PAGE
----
Captains Courageous (Penguin Classics)

Captains Courageous (Penguin Classics)

Rudyard Kipling

Language: English

Pages: 208

ISBN: 0142437719

Format: PDF / Kindle (mobi) / ePub


First published in 1897, Captain Courageous tells of the high-seas adventures of Harvey Cheyne, the son of an American millionaire, who, after falling from a luxury ocean liner, is rescued by the raucous crew of the fishing ship We’re Here. Obstinate and spoiled at first, Harvey in due course learns diligence and responsibility and earns the camaraderie of the seamen, who treat him as one of their own. A true test of character, Harvey’s months aboard the We’re Here provide a delightful glimpse of life at sea and well-told morals of discipline, empathy, and self-reliance.

Titus Alone (Gormenghast, Book 3)

The Comedy of Errors (The Pelican Shakespeare)

Paradise Lost and Other Poems (Signet Classics)

The Master of Ballantrae (Dover Thrift)

The Wanderer, or Female Difficulties

Homesick

 

 

 

 

 

 

 

 

 

 

 

 

 

 

 

 

speed” as by the magnetic power generated by Henry Adams’s dynamo (Beer, p. 195). For if Americans prized Kipling, Beer declared that it was because he was “somebody willing to take the American’s side against European condescension and to brag with him of machinery,” a balancing act “between Yankee impulse and British stolidity.” But we need to add to Beer’s equation that “machinery” for Kipling included those men that tended the mechanisms of power, indeed could not be separated from them. If

stern-becket, and clambered into the schooner. “Pull!” shouted Dan, and Harvey pulled, astonished to find how easily the dory rose. “Hold on, she don’t nest in the crosstrees!” Dan laughed; and Harvey held on, for the boat lay in the air above his head. “Lower away,” Dan shouted, and as Harvey lowered, Dan swayed the light boat with one hand till it landed softly just behind the mainmast. “They don’t weigh nothin’ empty. Thet was right smart fer a passenger. There’s more trick to it in a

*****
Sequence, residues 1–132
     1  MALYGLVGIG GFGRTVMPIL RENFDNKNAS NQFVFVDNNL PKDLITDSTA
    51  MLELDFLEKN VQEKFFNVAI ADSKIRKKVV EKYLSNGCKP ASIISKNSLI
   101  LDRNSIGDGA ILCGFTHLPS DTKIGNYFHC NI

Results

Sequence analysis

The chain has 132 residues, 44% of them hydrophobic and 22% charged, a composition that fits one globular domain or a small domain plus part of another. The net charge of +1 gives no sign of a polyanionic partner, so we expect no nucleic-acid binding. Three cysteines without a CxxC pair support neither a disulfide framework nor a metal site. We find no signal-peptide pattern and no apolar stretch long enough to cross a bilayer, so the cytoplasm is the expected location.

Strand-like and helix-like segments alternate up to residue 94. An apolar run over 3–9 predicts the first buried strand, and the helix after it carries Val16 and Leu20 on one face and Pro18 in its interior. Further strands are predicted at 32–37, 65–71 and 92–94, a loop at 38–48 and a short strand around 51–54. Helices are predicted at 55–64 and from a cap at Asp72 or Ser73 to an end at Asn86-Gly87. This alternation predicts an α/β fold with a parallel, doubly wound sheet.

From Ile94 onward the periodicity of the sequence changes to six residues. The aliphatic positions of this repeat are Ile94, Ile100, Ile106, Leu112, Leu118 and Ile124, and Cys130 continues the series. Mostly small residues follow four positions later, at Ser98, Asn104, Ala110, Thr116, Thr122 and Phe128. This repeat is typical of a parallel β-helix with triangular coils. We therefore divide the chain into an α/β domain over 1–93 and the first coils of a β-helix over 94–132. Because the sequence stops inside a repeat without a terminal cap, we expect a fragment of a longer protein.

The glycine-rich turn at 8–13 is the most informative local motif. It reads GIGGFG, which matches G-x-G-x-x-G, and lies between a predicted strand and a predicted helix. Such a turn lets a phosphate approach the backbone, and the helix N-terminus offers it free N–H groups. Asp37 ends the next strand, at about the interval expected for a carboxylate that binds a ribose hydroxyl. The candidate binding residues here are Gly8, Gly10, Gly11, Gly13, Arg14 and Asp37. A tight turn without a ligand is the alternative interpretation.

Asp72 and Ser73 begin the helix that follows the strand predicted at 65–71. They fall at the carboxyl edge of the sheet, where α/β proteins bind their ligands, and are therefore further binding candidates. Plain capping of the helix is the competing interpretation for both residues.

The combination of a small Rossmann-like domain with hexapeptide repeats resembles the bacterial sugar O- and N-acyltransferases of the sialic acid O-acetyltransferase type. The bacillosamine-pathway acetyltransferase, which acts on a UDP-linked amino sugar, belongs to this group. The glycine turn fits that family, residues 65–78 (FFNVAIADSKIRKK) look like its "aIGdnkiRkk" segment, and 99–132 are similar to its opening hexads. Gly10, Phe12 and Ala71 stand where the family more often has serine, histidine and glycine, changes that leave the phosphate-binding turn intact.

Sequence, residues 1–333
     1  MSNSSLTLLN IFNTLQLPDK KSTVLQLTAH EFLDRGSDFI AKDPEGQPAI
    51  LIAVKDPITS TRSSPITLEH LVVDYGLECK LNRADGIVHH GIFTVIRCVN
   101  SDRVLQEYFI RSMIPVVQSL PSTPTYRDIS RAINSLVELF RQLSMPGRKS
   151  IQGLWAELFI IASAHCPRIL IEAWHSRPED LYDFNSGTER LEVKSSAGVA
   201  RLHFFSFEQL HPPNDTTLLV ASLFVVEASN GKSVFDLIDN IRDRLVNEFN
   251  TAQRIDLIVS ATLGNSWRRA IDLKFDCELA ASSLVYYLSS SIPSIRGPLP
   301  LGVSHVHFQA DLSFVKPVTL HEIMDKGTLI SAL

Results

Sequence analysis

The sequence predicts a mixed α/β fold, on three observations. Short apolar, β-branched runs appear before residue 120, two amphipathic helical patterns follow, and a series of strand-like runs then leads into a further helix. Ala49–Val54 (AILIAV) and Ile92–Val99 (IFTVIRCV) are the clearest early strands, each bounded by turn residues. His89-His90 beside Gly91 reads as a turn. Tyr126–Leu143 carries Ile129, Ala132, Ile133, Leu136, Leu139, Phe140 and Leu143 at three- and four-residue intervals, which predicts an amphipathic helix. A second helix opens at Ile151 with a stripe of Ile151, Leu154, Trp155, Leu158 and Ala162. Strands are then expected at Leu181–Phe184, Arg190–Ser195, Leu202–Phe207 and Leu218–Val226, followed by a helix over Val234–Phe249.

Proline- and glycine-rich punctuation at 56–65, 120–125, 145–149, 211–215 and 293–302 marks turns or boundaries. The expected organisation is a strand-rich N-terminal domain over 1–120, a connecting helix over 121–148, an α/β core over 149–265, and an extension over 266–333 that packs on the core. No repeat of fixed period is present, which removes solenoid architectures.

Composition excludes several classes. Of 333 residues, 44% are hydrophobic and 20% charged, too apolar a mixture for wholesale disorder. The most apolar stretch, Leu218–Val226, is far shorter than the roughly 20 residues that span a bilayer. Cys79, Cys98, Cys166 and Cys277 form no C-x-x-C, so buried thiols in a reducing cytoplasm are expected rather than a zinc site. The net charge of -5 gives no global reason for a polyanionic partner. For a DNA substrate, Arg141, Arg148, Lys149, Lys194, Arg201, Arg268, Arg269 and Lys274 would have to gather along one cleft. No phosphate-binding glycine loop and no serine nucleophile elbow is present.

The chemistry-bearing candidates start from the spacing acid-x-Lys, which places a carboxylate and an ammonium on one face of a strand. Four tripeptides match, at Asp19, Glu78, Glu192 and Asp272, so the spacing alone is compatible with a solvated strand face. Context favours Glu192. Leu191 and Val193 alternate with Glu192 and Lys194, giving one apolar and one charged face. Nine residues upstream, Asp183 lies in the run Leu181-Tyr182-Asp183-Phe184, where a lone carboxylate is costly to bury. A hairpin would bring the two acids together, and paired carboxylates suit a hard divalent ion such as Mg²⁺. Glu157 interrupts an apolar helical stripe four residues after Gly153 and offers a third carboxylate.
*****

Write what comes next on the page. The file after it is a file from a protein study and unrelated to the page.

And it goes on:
come home,” said Dan, as Uncle Salters hustled Penn into the fore-cabin. “ ’Looks to me like’s if we’d all be doin’ so fer a spell. There’s nothin’ in creation deader-limpsey-idler ’n a Banker when she ain’t on fish.” “I’m glad ye spoke, Danny,” cried Long Jack, who had been casting round in search of amusement. “I’d clean forgot we’d a passenger under that T-wharf hat. There’s no idleness for thim that don’t know their ropes. Pass him along, Tom Platt, an’ we’ll larn him.” “ ’T ain’t my trick

interviewed Mark Twain—an author he greatly admired—in his summer home. He also proposed marriage to Ted Hill’s sister, Caroline Taylor, but the engagement would prove to be of short duration because Kipling’s liberal religious convictions were not acceptable to Miss Taylor’s father. In New York City, he attempted to interest the prestigious publishing firm of Harper and Brothers in his writing, but with no more luck than with his courtship of Caroline. (Because of the lack of international

grin, an interpretation of the novel that should please Marxist critics. But can it be trusted? In May of 1896, with Captains Courageous now in manuscript awaiting periodical publication, Kipling wrote Elizabeth Stuart Phelps, a popular American author, summarizing the plot of his book. Referring to Harvey’s redemption, Kipling wrote, “The three months [sic] experience makes a man of him or rather—he is only 15 years old—teaches him to appreciate his father. He is landed at Gloucester, wires his

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